Campaigners staged a protest against hospitals acting as “immigration checkpoints” and creating a “hostile environment” for patients.

Waltham Forest Save Our NHS (WFSON) is fiercely against Barts Health Trust’s new policy to ask patients about their immigration status before giving them any treatment, to determine whether or not they should have to pay for services.

They gathered outside the trust’s general meeting last night in protest.

A spokesman for WFSON said: “Save our NHS believes this hostile environment is damaging to individual patient’s health, to public health, to equality, and to the trust of our local communities in the NHS. Patient confidentiality is important.”

Barts trust uses a pre-attendance form, which WFSON claims the trust has handed to mothers in labour to fill in before treatment, to assess a patient’s entitlement to free treatment from the NHS.

The form says: “NHS hospital treatment is not free to all. All hospitals have a legal duty to establish if patients are entitled to free treatment. Please complete this form to help us with this duty.”

The form then asks for full passport details, employer contact details, visa details and travel insurance details.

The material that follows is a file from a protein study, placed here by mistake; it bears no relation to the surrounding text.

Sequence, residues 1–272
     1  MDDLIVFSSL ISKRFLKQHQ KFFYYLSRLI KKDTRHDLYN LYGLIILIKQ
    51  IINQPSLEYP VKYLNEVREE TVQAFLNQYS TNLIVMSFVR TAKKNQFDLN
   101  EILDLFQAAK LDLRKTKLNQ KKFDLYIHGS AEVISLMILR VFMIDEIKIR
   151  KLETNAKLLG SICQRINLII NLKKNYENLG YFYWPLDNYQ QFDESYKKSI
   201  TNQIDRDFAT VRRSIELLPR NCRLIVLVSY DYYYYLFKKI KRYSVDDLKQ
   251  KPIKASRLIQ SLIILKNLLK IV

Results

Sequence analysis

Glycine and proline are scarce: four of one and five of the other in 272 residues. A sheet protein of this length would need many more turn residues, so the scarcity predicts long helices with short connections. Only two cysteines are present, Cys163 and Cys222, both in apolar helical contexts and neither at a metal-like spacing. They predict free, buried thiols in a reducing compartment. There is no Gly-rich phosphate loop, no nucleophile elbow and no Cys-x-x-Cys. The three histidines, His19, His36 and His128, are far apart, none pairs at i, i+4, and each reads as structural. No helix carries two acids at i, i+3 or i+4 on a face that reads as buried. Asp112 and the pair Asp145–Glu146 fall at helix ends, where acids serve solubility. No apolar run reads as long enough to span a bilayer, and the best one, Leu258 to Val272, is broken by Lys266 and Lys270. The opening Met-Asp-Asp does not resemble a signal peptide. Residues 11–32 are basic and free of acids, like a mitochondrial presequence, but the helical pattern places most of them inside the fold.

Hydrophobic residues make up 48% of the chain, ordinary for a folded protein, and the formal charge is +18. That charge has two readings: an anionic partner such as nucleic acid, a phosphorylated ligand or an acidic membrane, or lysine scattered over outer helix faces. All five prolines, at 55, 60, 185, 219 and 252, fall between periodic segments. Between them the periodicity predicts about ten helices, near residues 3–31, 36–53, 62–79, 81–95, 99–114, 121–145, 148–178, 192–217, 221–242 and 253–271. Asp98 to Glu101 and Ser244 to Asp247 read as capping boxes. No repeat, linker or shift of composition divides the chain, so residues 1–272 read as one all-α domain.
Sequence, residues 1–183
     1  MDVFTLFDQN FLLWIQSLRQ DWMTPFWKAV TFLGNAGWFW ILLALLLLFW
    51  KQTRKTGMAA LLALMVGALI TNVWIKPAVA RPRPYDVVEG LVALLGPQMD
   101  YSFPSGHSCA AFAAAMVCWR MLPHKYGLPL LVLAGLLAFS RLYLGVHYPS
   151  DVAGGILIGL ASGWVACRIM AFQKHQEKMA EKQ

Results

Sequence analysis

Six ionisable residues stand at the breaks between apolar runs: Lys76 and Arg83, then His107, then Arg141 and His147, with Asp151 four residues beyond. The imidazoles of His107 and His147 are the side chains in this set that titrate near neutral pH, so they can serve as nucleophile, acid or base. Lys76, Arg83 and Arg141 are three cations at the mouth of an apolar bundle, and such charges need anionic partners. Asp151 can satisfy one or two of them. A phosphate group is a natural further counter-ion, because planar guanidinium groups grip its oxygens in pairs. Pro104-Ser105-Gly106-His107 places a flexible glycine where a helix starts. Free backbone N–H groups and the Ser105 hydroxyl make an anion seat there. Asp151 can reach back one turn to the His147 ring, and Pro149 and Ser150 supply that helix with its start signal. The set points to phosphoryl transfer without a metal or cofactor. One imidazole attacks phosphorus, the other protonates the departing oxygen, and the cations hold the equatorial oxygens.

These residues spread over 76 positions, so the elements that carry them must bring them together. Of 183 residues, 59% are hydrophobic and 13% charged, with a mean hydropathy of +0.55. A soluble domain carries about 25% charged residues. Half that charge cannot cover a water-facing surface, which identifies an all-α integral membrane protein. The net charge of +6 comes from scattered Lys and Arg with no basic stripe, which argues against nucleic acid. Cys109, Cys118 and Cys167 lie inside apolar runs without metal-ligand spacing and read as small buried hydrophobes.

The new policy is part of a government pilot scheme, that Barts Health Trust agreed to be a part of, to ensure those not entitled to free treatment from the NHS are prevented from costing the service extra money.

In response to a Freedom of Information request sent to Barts by WFSON, the trust admitted that it has not been monitoring the ethnicity of those asked to fill out the forms and doesn’t have any equalities statistics for the new policy.

Barts Trust is currently making up to 100 enquiries a week to the Home Office about the immigration status of individual patients.

The trust says it has “a legal duty to recover the costs from patients who are not entitled to NHS treatment” and “any patient not entitled to free care must be charged for treatment they receive unless an exemption applies.”

A spokesperson for Barts Health said: “We take pride in providing vital care to all our patients. Like all NHS trusts we have a responsibility to recover costs from those not eligible for free NHS care.

“Last year we were asked to take part in a national pilot in two departments to test if we could more easily assess eligibility and be able to explain the payment process to non-eligible patients earlier on in their care.

“We did not turn any patients away, and no patient visiting our hospitals had care delayed. These pilots have ended and we are now taking a range of steps, including designing new training for our staff, to make our practice consistent, clear and equitable across our hospitals.”